The Finest Traditions of My Calling: One Physician's Search for the Renewal of Medicine

The Finest Traditions of My Calling: One Physician's Search for the Renewal of Medicine

by Abraham M. Nussbaum


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Product Details

ISBN-13: 9780300211405
Publisher: Yale University Press
Publication date: 03/22/2016
Pages: 320
Product dimensions: 5.80(w) x 8.40(h) x 1.20(d)

About the Author

Abraham M. Nussbaum, M.D., is the Chief Education Officer at Denver Health and is an associate professor of psychiatry at the University of Colorado School of Medicine. He lives in Denver, CO.

Table of Contents

Preface xi

Acknowledgments xiii

Introduction: Parts and Money 1

1 Seeing Wisely 10

2 Occult Findings 26

3 The Book and the Coat 38

4 Full Responsibility 52

5 Duty Hours 67

6 Efficient and Effective 84

7 Checklists and Dance Lessons 99

8 Famous Factory Meatloaf 114

9 Sickbeds and Garden Beds 131

10 Committed 146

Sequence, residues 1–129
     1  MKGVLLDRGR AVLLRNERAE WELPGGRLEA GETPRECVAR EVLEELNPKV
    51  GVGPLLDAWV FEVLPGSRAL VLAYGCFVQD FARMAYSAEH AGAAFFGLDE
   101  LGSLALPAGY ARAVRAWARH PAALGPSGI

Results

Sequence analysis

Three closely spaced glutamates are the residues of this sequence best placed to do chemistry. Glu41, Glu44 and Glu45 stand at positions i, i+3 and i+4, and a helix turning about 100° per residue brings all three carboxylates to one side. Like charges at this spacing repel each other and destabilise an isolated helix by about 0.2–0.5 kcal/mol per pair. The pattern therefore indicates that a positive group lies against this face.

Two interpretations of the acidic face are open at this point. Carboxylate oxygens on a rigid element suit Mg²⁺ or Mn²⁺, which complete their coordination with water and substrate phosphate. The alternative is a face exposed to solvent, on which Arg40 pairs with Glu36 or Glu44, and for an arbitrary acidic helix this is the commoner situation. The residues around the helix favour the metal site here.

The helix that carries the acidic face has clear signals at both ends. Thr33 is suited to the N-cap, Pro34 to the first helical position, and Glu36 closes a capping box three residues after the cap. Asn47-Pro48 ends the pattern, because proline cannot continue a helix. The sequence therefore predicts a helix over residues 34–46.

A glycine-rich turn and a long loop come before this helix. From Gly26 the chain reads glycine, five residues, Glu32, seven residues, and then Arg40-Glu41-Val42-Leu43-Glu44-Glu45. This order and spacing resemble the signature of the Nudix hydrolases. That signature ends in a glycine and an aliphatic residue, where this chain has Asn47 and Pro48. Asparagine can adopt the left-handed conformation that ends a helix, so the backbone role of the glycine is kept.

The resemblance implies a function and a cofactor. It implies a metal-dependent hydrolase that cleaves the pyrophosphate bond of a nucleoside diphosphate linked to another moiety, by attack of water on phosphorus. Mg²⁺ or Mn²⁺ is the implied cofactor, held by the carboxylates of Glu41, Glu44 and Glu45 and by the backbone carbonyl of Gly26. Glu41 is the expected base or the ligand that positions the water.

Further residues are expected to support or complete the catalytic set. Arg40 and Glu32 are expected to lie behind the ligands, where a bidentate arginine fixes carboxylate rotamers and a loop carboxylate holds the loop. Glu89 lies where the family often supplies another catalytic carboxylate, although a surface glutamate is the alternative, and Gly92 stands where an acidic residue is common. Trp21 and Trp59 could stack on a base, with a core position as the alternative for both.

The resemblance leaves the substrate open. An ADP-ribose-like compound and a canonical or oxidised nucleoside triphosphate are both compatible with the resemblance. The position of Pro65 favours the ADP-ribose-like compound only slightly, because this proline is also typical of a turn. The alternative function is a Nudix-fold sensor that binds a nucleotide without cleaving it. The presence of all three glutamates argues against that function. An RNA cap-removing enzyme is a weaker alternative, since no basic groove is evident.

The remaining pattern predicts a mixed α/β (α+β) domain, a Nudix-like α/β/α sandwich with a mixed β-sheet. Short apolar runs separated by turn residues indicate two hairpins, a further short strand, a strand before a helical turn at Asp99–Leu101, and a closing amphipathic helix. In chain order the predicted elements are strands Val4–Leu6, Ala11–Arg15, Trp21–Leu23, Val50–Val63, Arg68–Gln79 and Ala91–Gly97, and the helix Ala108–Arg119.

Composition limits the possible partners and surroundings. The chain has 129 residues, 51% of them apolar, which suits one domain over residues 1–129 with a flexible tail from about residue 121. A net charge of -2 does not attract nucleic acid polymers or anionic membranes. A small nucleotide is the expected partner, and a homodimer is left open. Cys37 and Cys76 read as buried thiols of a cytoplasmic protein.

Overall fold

11 Impatient Attending 162

12 Muscle Ups 176

13 Doctors Without Silver 191

14 Red Cards 207

15 Witnesses 223

16 Hope 239

Epilogue: Luster 258

Notes 269

Credits 285

Index 287


What do you hope readers will take away from the experience of reading The Finest Traditions of My Calling?
 I hope readers will learn that healthcare reform is not just a question of who should have access to care and who should pay for it, but also of our desire for a favorable outcome when a physician meets a person as a patient. Reformers believe the problem with medicine is that it does not consistently and safely deliver the best treatments. And the solution is to transform the delivery of medical care using processes pioneered in high-risk industries like aviation, mining, and automobile manufacturing: run hospitals like factories, optimized for efficiency and effectiveness. But factories make things, not people.
How might your book help change the practice of medicine?
I hope to shift the conversation from the reform of healthcare systems to the renewal of medical practice. We need to envision hospitals and clinics not as factories but as cultural spaces such as schools and gardens, restaurants, and gyms, all of which require human relationships for their operation.
What are examples of the roles physicians and patients assume when they interact?
Physicians are like scientists who want to know how the body works; technicians who control it; authors who tell its story; gardeners who carefully tend it; teachers who help patients achieve what they could not on their own; and servants who give of themselves for the sake of their patients.

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